by PATRICK J. BUECHI
Mon, Jan 21st 2019 10:00 am
Youth Board member Ryleigh Myers reports on the ways the convention main stage sessions will help teens power up.
(Courtesy of The Department of Youth and Young Adult Ministry)
Christmas is over. Lent has not yet begun. How does a spirit-filled teen keep the faith in this middling time? The annual diocesan Youth Convention offers teens an opportunity to Power Up their faith over a three-day weekend filled with good talks, prayer and nearly a thousand new friends.
The 67th convention will be held March 1-3 at the Buffalo Grand Hotel (formerly the Adam's Mark) in downtown Buffalo. Many teens have found the convention to be a critical step in their faith journey. They experience support and guidance for living their Catholic faith. It can also be a reminder that they are not alone in their searching, questioning and appreciation of Jesus Christ.
This year's keynote presenter will be Robert Feduccia, who began his career in ministry right after high school, joining the National Evangelization Team, a retreat ministry for high school and middle school students. He began "One Bread, One Cup," a youth liturgical leadership program at St. Meinrad College Seminary that has continued to run for the past 18 years. Feduccia has also served as a development editor for St. Mary's Press and as general manager for Spirit & Song, the contemporary music division of Oregon Catholic Press. During these years, his national reputation as a speaker, retreat leader and writer began to grow.
Feduccia works in close partnership with Doug Tooke and Frank Mercadante, who have spoken at the convention the previous two years. "So, we really think he is the natural next step to understand our vision to power up," explained Michael Slish, program coordinator, for the diocesan Department of Youth & Young Adult Ministry, which hosts the convention.
The theme of "Power Up" came from the Youth Board, the team of 12 teens who plan the convention.
"Filling up your batteries is the analogy we're using and growing closer to God by powering up in your faith and growing stronger in your faith in your day to day life," said Carter Neumann, a board member.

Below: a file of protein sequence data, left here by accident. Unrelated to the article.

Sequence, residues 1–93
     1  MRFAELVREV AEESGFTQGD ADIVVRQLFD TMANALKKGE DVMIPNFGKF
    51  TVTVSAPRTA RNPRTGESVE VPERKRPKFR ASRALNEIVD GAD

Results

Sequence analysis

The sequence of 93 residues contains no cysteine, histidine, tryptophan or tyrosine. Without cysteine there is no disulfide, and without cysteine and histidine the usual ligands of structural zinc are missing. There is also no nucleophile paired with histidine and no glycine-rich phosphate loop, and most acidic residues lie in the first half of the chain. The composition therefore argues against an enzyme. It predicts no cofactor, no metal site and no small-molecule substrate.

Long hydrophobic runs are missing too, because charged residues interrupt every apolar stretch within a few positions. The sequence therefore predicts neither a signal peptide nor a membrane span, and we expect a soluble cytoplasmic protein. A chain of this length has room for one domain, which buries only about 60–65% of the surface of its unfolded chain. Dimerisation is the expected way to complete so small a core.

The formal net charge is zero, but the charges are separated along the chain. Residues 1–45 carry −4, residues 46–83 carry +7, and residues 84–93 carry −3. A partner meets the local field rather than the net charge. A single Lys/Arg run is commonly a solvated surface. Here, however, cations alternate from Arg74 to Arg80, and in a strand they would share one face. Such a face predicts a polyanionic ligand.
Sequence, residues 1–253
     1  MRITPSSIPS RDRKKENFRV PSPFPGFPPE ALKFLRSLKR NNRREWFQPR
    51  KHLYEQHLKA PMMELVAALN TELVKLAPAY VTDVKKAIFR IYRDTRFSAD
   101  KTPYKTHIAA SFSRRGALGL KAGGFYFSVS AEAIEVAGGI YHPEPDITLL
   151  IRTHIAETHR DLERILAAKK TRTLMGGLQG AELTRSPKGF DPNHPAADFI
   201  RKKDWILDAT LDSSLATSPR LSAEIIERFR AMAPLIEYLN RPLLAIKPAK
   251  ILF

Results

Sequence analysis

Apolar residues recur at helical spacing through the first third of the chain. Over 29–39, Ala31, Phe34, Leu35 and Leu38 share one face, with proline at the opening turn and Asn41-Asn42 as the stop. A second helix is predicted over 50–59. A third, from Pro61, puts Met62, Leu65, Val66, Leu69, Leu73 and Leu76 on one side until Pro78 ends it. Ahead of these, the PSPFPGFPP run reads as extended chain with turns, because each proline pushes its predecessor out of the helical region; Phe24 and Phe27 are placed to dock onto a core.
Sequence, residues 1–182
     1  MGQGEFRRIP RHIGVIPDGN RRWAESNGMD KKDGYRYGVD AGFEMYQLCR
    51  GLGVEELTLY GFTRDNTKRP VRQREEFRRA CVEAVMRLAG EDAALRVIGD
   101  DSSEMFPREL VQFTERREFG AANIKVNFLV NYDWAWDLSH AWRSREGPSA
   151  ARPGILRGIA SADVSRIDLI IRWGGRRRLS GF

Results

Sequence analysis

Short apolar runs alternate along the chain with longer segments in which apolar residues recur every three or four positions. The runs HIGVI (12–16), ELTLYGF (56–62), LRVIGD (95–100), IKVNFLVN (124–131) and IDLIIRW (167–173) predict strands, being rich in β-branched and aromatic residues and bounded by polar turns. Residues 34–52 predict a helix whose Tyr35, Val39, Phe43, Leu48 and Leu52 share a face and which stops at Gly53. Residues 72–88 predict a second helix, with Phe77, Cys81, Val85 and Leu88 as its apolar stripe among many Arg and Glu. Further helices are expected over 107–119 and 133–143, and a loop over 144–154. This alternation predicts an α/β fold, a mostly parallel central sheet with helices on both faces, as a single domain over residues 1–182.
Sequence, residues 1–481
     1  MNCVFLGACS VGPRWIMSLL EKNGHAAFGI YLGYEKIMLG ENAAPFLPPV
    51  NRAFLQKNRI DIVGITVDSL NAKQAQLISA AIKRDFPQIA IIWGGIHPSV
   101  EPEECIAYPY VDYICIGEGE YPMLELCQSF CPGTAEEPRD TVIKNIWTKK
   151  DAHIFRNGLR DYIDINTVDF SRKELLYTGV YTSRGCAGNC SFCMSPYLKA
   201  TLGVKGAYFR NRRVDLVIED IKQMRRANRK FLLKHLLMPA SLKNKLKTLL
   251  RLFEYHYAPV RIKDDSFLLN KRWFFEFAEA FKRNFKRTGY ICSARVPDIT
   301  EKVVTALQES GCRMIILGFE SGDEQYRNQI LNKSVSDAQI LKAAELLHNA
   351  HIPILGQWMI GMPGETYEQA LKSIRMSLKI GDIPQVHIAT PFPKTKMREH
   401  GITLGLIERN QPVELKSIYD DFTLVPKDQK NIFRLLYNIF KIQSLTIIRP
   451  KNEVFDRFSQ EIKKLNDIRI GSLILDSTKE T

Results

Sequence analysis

The convention will follow the familiar format of large and small group talks, prayer sessions and liturgy. An expo, which runs throughout the weekend, features fun games along with service opportunities.
Details were still being finalized just before Christmas. The Youth Board wants to make sure small-group breakout sessions are relatable to teens.
"We've been discussing what themes and topics we could choose that would specifically relate to teens," explained Rebecca Young. "What we had been talking about is there is always a lot of stress and anxiety about school, so we're mainly focusing on our social lives, and stress and all the pressures of school and kind of leaving faith out of our lives. So, how to fit God in and still have a close connection to Him in all the daily bustle."
Through the breakouts, liturgies and mainstage presentations, the teens want to have the crowd, which usually reaches 800, to become involved, as they should with their faith, rather than just be an observer.
"The biggest thing we're focusing on is trying to separate the barrier between the stage and the crowd," said Neumann. "A few things we mentioned were crowd games, where we might have a game on the big screen where everyone in the crowd is participating simultaneously with a few select people up on the stage. That way they're involved over the entire weekend instead of standing by idly watching what is going on."
Daniel Schiffhauer, who attended last year, is excited to participate for a second time. "I'm really excited to go back and just experience everything again. It was such an experience for me. I absolutely loved every second of it last year. With the board we have, I think we can make it even better this year," he said.
Attending the convention allows teens who wish to explore their faith in a safe place among people just like themselves, who will answer their questions and share their thoughts, rather than criticize or judge them.
"Teens want to be closer to God, they want to be closer to each other and sometimes they need permission to do that. They need an area that is already the theme and they are already expecting that to be the case. Once they have a room full of other like-minded people, then they can grow and experience the faith more fully," said Neumann.
It also shows new ways to celebrate the faith.
"Instead of just seeing it as the ritualistic Church - going to Mass with your parents or your family, I think it's a way to find your own take on your religion, and really find yourself in your faith alongside your friends," said Young.
For more information, a short video and registration forms visit at www.dobyouth.org.